As discussed in the quickstart there are Extempore plugins for several popular editors. This page shows how to set things up and lists any editor-specific instructions (e.g. the specific names of the commands & keybindings).
If you don’t have a favourite text editor, or don’t really know what a text editor is, then that’s ok! VSCode is probably the text editor for you.
VSCode has an Extempore extension, so it knows how to work with Extempore code. The VSCode setup instructions are actually listed in the quickstart guide already, so you should head over there and get started.
the Emacs mode for working with Extempore code, and it’s available from
MELPA. If you’re using
package.el (i.e. if you’re on a
modern-ish Emacs) then just
M-x package-install RET extempore-mode RET and
If you don’t want to get it from MELPA, just download the file and put it in your load path.
Ben’s a Spacemacs user these days, and has created an Extempore layer (although he hasn’t got around to getting it accepted in the main spacemacs layer repo or however that works, so you’ll need to do a bit of downloading & manual setup stuff to get it working).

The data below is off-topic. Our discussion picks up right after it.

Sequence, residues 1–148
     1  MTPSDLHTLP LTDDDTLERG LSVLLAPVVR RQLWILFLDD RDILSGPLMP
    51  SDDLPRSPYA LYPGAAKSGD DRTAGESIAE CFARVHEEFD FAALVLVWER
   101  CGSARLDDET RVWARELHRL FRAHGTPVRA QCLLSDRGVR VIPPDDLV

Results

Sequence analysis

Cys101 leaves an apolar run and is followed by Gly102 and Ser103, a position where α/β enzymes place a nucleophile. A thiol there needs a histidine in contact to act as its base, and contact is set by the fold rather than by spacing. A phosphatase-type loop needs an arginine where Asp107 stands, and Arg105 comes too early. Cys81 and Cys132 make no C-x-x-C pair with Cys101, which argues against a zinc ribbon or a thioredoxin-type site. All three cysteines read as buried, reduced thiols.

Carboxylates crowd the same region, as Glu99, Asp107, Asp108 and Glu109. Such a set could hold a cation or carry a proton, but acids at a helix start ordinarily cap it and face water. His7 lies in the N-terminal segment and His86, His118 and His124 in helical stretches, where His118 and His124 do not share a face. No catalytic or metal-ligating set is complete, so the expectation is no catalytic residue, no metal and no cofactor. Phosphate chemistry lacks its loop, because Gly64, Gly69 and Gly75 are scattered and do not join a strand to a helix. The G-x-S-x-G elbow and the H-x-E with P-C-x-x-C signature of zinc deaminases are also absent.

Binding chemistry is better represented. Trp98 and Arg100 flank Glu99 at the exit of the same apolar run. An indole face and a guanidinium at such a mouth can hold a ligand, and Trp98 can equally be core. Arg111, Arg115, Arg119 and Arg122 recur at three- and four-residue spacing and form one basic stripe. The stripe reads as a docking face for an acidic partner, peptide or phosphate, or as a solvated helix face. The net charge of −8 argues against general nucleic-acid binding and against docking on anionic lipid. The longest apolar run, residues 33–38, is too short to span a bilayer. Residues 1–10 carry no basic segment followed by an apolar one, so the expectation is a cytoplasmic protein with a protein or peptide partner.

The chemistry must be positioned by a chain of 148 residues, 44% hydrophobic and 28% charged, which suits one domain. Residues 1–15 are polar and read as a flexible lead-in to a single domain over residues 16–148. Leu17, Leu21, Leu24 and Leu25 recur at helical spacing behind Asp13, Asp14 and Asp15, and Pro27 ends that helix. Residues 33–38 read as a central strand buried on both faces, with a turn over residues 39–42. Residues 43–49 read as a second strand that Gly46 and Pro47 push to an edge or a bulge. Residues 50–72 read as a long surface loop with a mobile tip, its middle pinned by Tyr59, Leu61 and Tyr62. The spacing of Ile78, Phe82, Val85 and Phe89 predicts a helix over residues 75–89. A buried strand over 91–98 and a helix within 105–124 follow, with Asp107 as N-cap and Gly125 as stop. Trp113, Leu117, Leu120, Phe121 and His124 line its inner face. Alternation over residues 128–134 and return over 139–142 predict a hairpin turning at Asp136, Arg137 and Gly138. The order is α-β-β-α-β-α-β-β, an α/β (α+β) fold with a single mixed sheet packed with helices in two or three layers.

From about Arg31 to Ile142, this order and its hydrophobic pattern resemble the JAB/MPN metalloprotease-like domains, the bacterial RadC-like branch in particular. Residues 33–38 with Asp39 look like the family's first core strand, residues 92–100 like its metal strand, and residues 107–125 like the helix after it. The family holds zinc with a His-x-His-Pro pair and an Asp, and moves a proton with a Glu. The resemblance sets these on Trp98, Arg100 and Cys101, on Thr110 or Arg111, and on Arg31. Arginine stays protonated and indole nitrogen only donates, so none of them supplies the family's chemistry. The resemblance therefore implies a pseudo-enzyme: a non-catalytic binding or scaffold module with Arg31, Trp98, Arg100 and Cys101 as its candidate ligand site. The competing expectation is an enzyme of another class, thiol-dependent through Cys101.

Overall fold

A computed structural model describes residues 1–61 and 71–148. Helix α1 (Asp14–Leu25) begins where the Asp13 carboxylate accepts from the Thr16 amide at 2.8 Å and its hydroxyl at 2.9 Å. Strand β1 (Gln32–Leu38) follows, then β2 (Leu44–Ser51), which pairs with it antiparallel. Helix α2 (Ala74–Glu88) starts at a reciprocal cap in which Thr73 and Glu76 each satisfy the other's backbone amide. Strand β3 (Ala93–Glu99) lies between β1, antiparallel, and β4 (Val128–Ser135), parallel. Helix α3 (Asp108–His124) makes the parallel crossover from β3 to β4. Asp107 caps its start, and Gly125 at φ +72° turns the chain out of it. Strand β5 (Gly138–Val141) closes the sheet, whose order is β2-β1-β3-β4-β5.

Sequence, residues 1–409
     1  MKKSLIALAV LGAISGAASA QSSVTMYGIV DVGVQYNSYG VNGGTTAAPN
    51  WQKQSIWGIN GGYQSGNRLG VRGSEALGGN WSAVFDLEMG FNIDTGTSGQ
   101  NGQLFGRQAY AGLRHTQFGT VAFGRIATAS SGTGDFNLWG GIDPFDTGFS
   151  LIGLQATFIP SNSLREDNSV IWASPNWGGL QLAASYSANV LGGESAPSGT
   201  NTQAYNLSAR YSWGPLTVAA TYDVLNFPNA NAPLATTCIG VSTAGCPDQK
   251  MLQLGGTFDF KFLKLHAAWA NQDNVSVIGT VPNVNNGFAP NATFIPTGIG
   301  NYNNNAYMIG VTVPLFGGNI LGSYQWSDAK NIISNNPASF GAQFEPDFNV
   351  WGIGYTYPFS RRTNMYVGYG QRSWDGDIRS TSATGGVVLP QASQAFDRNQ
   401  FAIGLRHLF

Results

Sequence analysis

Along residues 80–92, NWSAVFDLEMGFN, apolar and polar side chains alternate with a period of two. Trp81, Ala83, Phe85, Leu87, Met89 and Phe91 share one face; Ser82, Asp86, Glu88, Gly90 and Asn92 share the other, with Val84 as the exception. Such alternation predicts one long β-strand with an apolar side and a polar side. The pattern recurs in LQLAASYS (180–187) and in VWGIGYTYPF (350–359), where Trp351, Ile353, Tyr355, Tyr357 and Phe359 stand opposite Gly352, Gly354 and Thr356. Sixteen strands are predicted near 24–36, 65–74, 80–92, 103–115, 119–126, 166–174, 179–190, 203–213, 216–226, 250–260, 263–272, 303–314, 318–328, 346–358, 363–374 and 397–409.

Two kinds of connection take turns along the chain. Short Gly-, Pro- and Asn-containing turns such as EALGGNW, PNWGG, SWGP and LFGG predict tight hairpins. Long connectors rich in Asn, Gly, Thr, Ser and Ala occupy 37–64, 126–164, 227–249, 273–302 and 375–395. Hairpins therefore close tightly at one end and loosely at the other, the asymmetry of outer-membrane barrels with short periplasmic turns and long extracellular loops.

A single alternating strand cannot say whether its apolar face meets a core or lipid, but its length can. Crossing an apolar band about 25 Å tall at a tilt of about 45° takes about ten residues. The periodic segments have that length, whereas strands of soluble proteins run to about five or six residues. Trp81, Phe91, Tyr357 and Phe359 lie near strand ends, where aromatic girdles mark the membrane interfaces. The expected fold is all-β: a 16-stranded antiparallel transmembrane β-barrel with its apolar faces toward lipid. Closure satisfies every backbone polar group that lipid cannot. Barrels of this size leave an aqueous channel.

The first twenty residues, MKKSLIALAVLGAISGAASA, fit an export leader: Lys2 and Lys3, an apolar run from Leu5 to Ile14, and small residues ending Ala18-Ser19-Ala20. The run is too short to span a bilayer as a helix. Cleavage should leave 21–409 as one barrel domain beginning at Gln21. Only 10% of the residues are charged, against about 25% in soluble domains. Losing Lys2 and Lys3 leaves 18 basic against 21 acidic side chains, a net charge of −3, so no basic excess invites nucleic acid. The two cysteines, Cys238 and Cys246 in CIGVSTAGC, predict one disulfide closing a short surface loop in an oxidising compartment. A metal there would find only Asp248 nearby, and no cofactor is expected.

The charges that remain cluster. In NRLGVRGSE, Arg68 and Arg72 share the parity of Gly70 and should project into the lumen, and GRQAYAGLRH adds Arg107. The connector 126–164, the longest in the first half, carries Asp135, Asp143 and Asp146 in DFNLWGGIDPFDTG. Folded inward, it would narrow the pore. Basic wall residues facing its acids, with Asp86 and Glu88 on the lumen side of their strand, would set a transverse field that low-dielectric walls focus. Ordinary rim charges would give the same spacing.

||CTRL+C CTRL+C or CTRL+META+X|
To restart the Extempore process, just CTRL+C CTRL+C in the
*extempore* buffer where
extempore is running to kill it, then start it up again with
The syntax highlighting currently doesn’t cover a few edge cases—so if you end
up tinkering with
Extempore.JSON-tmLanguage to fix anything then feel free to
submit a pull request.
Extempore’s vim plugin is written by Tim Burgess.
|open connection to Extempore||LEADERo|
|close connection to Extempore||LEADERx|
|send enclosing block to Extempore||LEADERw|
|send selection to Extempore||LEADERs|
|send entire file to Extempore||LEADERa|
The vim mode doesn’t yet support multiple connections or user-specified host/port, but pull requests are welcome.